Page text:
Amgen $AMGN posted some impressive results for its Phase II study of a closely-watched migraine drug, but the big biotech may still be forced to accept a shrinking share of what is shaping up as a highly competitive market as rivals crowd the same sector.
The key data on erenumab: 40 percent and 41 percent of the patients in the two dose arms (70 mg and 140 mg doses) experienced a reduction of 50% or more in the number of migraine days recorded at week 12, compared to about one in 4 (24%) of those taking a placebo.
In addition, Amgen’s investigators say the safety profile for their drug looked quite similar to a placebo.
If those numbers hold up in the soon-to-be-completed Phase III, Amgen and its partners at Novartis $NVS — which holds ex-US rights — should be looking at an approval.
This drug targets the calcitonin-gene-related-peptide (CGRP) receptor. And therein lies the rub for Amgen and Novartis. The giants have a drug that does something similar to what a pair of rivals from Alder $ALDR and Teva $TEVA does. And they may well have to wind up splitting the market among drugs that look remarkably similar.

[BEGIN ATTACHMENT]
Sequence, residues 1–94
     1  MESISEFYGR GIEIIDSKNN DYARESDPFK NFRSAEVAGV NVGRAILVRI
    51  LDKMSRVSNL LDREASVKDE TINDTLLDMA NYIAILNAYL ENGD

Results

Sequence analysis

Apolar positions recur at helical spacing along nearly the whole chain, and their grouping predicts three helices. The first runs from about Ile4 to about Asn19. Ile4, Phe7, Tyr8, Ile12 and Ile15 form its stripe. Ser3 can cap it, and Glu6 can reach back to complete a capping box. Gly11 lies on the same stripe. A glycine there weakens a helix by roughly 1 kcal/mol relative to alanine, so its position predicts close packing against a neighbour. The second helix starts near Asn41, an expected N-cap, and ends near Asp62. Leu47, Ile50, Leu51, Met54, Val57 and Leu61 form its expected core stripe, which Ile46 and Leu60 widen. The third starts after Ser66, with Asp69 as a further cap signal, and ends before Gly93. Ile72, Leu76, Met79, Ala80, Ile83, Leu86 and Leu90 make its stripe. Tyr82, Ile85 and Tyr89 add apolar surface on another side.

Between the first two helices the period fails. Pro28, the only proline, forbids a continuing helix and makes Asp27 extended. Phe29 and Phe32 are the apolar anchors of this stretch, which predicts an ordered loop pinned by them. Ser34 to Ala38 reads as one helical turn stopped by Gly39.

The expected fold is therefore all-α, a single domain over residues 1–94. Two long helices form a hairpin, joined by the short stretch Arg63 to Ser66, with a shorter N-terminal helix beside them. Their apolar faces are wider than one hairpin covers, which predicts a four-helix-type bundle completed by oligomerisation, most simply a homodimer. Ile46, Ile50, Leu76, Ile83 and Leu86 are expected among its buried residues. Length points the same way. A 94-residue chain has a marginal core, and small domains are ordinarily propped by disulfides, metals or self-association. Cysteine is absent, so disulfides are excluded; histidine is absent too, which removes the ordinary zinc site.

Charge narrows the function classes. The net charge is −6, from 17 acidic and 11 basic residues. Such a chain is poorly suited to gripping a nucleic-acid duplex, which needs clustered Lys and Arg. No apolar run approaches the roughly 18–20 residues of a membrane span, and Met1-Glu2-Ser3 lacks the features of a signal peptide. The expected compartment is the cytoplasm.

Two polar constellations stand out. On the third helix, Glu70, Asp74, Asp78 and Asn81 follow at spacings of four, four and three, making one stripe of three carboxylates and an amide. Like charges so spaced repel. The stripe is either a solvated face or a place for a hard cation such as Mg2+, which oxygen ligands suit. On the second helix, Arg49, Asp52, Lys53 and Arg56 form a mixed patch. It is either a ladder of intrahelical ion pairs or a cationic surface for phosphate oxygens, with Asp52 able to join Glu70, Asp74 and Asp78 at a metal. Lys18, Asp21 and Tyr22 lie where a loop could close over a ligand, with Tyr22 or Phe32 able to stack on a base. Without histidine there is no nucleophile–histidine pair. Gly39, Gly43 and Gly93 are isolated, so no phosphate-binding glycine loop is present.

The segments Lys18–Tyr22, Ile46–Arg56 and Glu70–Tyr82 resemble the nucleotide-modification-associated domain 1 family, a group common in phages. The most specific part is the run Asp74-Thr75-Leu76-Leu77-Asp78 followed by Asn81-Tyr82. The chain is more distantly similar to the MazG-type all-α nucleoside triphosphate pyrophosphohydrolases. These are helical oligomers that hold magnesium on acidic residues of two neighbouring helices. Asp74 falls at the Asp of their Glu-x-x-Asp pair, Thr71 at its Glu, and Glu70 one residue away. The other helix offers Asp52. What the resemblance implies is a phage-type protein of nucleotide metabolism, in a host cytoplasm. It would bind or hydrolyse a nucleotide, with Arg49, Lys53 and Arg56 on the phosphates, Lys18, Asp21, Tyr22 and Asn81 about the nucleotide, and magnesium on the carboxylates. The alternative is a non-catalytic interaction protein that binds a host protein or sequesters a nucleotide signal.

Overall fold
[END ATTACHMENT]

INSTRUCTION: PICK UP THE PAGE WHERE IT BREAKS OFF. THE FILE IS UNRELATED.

Leerink’s Geoffrey Porges took a look at the data and figures that Amgen can still flirt with blockbuster success with what it has, even though the drugs from Alder and Teva bind directly to the ligand while Amgen/Novartis’ drug targets the receptor. But he’s cutting his peak revenue forecast.
Amgen, notes Porges:
(F)ailed to differentiate erenumab from competing programs from Alder (ALDR, [OP]) and Teva (TEVA, [OP]) – although the results continue to validate the class of CGRP targets for the treatment of migraines. Currently we anticipate first revenues for erenumab in 2018 totaling $85mm, increasing to $991mm by 2023, reflecting a probability of success weighted adjustment of 65%, and an initial market share of 50% declining to 23% as competing products enter the market. Our forecast is below recent consensus, which predicts 2018 revenues of $161mm expanding to $1.3bn in 2023. We are maintaining our forecast while awaiting greater disclosures from Amgen, including data from the more clinically meaningful endpoints of 75% and 100% reduction in migraine days and the phase 3 erenumab trial results for both episodic and chronic migraine.
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